611 Fixed Views

by   David Hancock

In my experience, the greatest danger in far too many breeds comes, not from the newcomers bursting to learn and discuss their recently-acquired knowledge, but from the 'thirty years in the breed' brigade. So often the latter have not thirty years experience but one year's experience repeated thirty times. They have fixed views, quite often outdated views but even worse than that, closed minds. When I speak at breed seminars, I am invariably disappointed by the older breeders in the room and greatly encouraged by the younger ones. When I attend breed seminars, I can sometimes hardly believe what I am hearing -- and these are the training grounds for future judges.

At a Bullmastiff breed seminar a decade ago, a breed elder gave the view that the only effective nightdog could be one well over 100lbs, stating that a lighter dog could never knock and then hold a man down. The most effective nightdogs were however Thorneywood Terror, Osmaston Grip and Osmaston Daisy, each weighing around 90lbs. A later speaker and well-known judge stated that she didn't believe in withholding prizes, this despite the Kennel Club's rules on this subject. At a previous Bullmastiff breed seminar, where I was a speaker, an older breeder told the gathering that he didn't agree with anything I had said (which is fine by me) but when challenged to say why, could only mutter about having been thirty years in the breed, as if that by itself could present some cogent reason to disagree.

A decade ago I had the privilege of interviewing the late Gwen Broadley when making a commercial video on the Labrador. She was then in her 90s but so very alert and lively. Her experience was extensive, her knowledge considerable, her opinions well-formed. But what was so striking was her open mind, her willingness to discuss her breed and her obvious enjoyment of the views of an 'outsider'. I was immensely impressed; her humility was quite remarkable in one who had done so much, seen so much, yet never stopped learning. For me, it is a treasured experience. This distinguished lady didn't hide behind her experience, she built on it.  

I wonder if today's Foxhound breeders have learned the lesson of their 'shorthorn' period, when 'great bone' was strangely desired. If Honiton houndshow judges are never going to examine mouths 'because they just know they are all good', stand by for inbred jaw construction problems in these hounds. If no Peterborough  houndshow judge is going to inspect the feet of hounds, stand by for inbred foot and pastern problems. How on earth can any breeder improve his line if judges decline to conduct a thorough physical examination and merely assume that faults don't exist. Objective judgements can contribute a great deal to breeder awareness.

If all-rounder-judges are devalued by breed clubs, then a valuable 'outsider' view is not being capitalised upon. If breed specialist judges and all-rounders provide important comments for breeders which is then ignored, then a breed is in peril. I have considerable concern about an epidemic of upright shoulders and short upper arms in breeds of sporting terriers. Show critiques have also highlighted the prevalence of upright shoulders in 11 other breeds and short upper arms in 10 breeds. Judges have also lamented the 'choppy' action in Alaskan Malamutes and 'terrier movement' in Beagles. The latter comment by a judge is in itself worrying; is it becoming the expectation to see a marked lack of extension in terrier breeds? Is an abbreviated front action becoming a terrier characteristic?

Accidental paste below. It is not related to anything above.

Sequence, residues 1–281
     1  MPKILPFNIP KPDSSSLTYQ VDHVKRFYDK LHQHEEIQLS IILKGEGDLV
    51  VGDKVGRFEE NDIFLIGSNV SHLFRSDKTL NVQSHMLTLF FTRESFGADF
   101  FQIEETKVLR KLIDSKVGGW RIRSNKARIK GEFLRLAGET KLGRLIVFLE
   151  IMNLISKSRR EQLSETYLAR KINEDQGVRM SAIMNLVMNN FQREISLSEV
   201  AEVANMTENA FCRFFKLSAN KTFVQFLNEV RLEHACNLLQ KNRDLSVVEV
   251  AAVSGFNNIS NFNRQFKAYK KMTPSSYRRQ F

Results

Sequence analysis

The Lancashire Heeler judge at Crufts in 1999 noted that "Shoulders varied considerably with quite a large number having very short and upright upper arms." This judge was awarding the breed's first challenge certificates. But how did heelers with such basic faults ever qualify for Crufts? The Kennel Club is striving to improve the standard of judging but any judge who cannot judge shoulders should not be appointed. We want our dogs, for all the importance of breed points, to be able to walk with freedom and purpose. In some breeds, basic faults are reported time and time again by judges in their critiques. Who is safeguarding the future of these breeds?

No doubt I will be told to mind my own business because I am not 'in' the breeds I refer to. But perhaps a more valuable comment than 'What's he know?' or the last resort of the out-argued fancier 'how many litters has he bred?' is the more intelligent one: 'Is he right?' 'Mind your own business' is negative and often the sign of an insecure closed mind. 'Leave our breed to us' is defensive and does nothing to open up a breed to informed constructive comment. Neither presents a healthy option for a breed whose fanciers wish to enter a new millennium with ambition for their breed. Unless we are very careful harmful faults are going to become accepted as breed characteristics. There should be no such thing as 'terrier movement' only sound movement, however short the dog's legs are. No dog should be forced to take three strides when one will do.

The late Tom Horner, a distinguished terrier judge, wrote in his 'All About the Bull Terrier': "Dogs with really good shoulders and good length of upper arm hardly ever go wrong in front, whereas dogs with short upper arms and short steep shoulder blades with a wide angle between the two bones frequently do..." The Staffordshire Bull Terrier expert, HN Beilby, wrote in his book on the breed: "Front legs may be well boned and muscled, but if they are coupled with badly placed shoulders they lose a considerable proportion of their usefulness and efficiency." This of course applies to all breeds; I do hope that whether the advice comes from within breeds or without, we can get back to breeding dogs with 'useful, efficient' front legs, just as Beilby recommends. He had over thirty years in the breed...but an open mind!